In 1941, under tremendous pressure to increase food production, the war cabinet commissioned a National Farm Survey. It sought to identify uncultivated agricultural land, as well as new land to support the dig for victory. It resulted in 36,000 maps and was nicknamed the “Second Domesday Book”.
Under pressure to identify land for new homes to meet a growing population, London has now produced a third Domesday Book of public land. Led by the London Land Commission, co-chaired by the mayor and housing minister, an interactive map of the capital’s public assets has been published, enabling everyone to examine, for the first time, what the state owns near them. The register is already being used by house-builders, who see it as a useful tool to identify the scale of land available and to plan ahead in order to maximise its use for housing.
The findings are striking. The register reveals that 25 per cent of London is owned by the public sector, comprising 40,000 sites. There could be 130,000 homes built for Londoners on public sites already identified as potentially surplus, a volume of homes which will continue to grow.
Sites range from tiny parcels of land capable of building a small number of homes to larger sites that could accommodate hundreds, with a plethora of public bodies owning land in every borough. In some key locations, such as town centres, adjacent to transport nodes, or regeneration areas, there are huge clusters of potentially developable public land.
The register is now being analysed by City Hall to further unlock and accelerate the redevelopment of surplus public land. There is already a strong track record in this regard. For example, the mayor has fulfilled a commitment to make use of every empty site the GLA owns, which will see 50,000 homes built, more than 7m square feet of new workspace created, as well as new parks and schools. A number of boroughs have ambitious plans for their own land, and both TfL and Network Rail are looking at redeveloping their assets.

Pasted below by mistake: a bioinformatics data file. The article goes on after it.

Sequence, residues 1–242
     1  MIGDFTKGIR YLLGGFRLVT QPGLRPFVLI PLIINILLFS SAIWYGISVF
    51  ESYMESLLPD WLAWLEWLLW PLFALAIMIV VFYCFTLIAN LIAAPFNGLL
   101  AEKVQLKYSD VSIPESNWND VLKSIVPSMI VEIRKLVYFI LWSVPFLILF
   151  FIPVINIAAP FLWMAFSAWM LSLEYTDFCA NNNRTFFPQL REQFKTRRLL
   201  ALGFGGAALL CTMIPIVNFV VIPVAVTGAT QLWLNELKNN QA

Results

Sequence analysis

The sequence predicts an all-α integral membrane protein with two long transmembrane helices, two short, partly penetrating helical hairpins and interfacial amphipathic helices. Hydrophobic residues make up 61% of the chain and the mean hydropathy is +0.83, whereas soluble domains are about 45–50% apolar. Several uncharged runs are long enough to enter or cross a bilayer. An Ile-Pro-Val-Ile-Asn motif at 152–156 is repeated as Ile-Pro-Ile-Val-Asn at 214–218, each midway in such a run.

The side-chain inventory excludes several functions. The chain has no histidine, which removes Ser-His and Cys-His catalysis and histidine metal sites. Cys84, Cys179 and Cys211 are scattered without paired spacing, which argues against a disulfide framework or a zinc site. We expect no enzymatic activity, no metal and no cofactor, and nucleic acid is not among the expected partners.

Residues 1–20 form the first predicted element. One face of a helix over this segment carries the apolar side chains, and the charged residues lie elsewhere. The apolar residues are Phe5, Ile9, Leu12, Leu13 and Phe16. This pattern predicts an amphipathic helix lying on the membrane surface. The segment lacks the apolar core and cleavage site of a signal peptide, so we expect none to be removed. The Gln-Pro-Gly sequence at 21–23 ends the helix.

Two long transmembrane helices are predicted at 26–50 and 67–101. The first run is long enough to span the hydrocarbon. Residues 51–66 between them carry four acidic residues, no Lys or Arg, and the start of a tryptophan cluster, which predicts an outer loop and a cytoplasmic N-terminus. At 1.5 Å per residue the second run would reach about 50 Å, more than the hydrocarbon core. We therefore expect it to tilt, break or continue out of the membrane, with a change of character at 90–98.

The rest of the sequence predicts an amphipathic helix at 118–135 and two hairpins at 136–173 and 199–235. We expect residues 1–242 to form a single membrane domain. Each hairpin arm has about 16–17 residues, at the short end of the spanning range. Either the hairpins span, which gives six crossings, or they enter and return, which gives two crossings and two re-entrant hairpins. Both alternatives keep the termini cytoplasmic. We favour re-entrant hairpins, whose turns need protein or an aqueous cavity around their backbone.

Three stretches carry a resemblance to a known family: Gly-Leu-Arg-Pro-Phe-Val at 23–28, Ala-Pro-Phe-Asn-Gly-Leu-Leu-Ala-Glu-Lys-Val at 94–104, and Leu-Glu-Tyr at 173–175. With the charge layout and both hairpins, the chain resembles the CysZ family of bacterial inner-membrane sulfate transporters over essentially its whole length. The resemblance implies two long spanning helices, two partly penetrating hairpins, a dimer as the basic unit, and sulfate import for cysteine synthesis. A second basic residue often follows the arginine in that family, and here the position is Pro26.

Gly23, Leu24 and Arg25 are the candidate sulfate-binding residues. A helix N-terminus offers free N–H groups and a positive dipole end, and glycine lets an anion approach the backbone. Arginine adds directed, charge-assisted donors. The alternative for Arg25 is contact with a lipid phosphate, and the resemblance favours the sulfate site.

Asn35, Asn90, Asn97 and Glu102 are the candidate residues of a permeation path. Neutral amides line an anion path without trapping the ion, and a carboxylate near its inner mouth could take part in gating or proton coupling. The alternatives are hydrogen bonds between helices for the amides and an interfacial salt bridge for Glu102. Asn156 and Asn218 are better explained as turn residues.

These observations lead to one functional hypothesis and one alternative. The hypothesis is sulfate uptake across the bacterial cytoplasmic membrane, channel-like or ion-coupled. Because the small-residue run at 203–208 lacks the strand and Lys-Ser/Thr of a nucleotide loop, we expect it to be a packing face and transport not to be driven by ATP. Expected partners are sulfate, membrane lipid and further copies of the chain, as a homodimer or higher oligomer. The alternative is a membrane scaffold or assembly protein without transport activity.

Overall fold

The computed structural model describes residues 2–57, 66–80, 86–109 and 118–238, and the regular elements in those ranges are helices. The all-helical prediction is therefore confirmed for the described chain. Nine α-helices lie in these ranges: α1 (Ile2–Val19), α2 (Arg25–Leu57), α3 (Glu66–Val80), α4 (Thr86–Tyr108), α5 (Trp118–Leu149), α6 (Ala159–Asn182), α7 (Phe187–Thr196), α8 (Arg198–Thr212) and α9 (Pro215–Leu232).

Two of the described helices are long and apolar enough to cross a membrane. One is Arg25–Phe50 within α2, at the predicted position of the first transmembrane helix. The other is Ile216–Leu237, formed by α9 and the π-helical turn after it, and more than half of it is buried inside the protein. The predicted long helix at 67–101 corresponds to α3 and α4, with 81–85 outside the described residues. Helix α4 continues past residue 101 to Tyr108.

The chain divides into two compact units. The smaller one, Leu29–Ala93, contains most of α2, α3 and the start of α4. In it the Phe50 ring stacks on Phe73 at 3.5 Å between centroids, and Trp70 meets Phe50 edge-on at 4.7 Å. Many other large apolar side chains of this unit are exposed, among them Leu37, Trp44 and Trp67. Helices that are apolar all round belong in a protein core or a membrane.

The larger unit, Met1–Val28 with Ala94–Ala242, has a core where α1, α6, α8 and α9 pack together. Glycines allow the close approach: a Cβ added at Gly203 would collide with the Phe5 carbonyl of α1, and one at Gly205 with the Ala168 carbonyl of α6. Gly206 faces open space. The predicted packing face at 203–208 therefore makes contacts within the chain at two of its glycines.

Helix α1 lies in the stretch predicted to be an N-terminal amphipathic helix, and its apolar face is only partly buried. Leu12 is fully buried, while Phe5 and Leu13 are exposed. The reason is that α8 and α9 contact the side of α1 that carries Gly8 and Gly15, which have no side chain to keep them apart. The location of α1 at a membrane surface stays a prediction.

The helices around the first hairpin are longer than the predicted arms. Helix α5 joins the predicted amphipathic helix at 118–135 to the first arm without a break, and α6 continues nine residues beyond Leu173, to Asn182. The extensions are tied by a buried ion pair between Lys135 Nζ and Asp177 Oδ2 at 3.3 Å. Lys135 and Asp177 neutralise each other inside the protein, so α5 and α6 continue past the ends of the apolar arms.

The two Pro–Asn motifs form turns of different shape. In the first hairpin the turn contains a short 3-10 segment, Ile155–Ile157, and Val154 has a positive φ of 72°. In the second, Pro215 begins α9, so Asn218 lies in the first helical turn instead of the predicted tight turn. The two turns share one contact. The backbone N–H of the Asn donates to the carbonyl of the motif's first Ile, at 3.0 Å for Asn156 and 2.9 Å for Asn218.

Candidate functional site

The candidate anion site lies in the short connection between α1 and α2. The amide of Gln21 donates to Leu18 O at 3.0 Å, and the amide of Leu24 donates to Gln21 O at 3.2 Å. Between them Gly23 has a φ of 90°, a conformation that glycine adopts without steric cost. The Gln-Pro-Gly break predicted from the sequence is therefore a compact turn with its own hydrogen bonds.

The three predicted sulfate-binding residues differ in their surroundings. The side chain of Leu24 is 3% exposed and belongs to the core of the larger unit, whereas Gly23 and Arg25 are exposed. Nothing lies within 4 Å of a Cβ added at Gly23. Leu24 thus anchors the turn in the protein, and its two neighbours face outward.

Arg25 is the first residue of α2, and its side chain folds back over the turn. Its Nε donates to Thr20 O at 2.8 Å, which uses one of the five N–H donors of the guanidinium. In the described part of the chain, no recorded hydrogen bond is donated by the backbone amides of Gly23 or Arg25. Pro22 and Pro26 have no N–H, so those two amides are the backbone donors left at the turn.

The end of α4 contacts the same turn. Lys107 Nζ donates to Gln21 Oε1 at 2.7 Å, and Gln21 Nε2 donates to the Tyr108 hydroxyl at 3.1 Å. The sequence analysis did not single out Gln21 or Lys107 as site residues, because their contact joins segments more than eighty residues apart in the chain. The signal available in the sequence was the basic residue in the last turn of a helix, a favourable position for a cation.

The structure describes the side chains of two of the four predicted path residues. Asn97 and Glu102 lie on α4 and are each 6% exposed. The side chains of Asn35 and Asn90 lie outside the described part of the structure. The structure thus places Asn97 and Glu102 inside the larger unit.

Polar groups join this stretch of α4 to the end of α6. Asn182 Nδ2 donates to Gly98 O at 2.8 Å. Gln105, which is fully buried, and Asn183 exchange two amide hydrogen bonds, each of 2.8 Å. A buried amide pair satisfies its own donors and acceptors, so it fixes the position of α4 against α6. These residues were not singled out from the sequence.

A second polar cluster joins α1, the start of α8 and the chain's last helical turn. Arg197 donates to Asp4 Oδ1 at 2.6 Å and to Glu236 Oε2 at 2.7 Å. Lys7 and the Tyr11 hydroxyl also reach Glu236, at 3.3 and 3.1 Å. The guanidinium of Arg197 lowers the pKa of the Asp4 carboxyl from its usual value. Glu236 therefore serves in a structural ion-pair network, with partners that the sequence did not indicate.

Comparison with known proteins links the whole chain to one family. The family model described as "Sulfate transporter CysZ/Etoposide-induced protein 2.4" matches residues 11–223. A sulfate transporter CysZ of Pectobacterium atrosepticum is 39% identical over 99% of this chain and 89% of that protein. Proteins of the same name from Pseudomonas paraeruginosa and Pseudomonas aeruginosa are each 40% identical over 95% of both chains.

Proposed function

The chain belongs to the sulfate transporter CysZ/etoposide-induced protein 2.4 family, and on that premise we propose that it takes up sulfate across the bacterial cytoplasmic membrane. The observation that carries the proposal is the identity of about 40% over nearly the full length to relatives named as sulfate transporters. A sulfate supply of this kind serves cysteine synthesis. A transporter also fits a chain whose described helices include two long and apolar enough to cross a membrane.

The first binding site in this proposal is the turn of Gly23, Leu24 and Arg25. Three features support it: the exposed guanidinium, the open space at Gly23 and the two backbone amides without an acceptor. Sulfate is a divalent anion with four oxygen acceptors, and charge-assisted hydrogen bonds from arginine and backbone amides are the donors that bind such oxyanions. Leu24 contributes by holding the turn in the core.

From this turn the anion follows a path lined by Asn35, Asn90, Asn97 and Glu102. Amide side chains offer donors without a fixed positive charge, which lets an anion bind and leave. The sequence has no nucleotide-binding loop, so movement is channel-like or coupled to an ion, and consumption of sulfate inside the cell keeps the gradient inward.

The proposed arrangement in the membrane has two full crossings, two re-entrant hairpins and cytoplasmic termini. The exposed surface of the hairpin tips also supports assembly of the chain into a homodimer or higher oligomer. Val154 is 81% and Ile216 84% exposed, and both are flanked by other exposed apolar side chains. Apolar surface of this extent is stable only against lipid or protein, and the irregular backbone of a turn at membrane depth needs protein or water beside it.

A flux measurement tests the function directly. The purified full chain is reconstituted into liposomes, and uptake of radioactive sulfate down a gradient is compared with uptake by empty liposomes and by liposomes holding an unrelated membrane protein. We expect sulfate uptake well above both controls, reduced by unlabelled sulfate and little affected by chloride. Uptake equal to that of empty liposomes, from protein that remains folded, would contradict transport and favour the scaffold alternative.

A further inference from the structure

The register raises two challenges. First, development opportunities should not be restricted to surplus sites. Many sites are underused, or services could be co-located with others to free up developable space. To make this happen, public bodies must coordinate better – something which will be helped by important amendments to the Housing & Planning Bill – alongside the adoption of sensible disposal processes. The London Land Commission has a central role here. This includes disposing of sites through fast-track procurement processes, with contractual obligations on the developers that acquire them to drive regeneration, instead of unfettered disposals where redevelopment plans can flounder. There are several advantages to the public sector of adopting such an approach. Using a framework panel, for example, is quicker than traditional disposal routes (sometimes twice as fast) and can achieve better value and balance between objectives, including design quality. It is also good news for the private sector, with schemes de-risked in planning and land payments frequently deferred.
The second issue is the role of commercial land. For all the improvements that must be made to the disposal of public land, sometimes there can be greater potential and improved regeneration if private land is aligned with it. In most cases it is possible to reach a commercial agreement. But where that’s not possible, the powers of compulsory purchase need to be strengthened. This is clearly a contentious area, and no changes should be made without careful consultation. The government has already looked at expediting the process, which typically takes two years, and it is worth exploring whether this could go further – for example through a dedicated London service.
There is no single solution to building 50,000 homes a year. Many reforms are required, from increased competition within the building industry to modernising construction methods. But the core challenge is to ensure more developable land comes to market. Increasing land supply will surely be aided by London’s third Domesday Book.
The data can be found at: maps.london.gov.uk/webmaps/LLC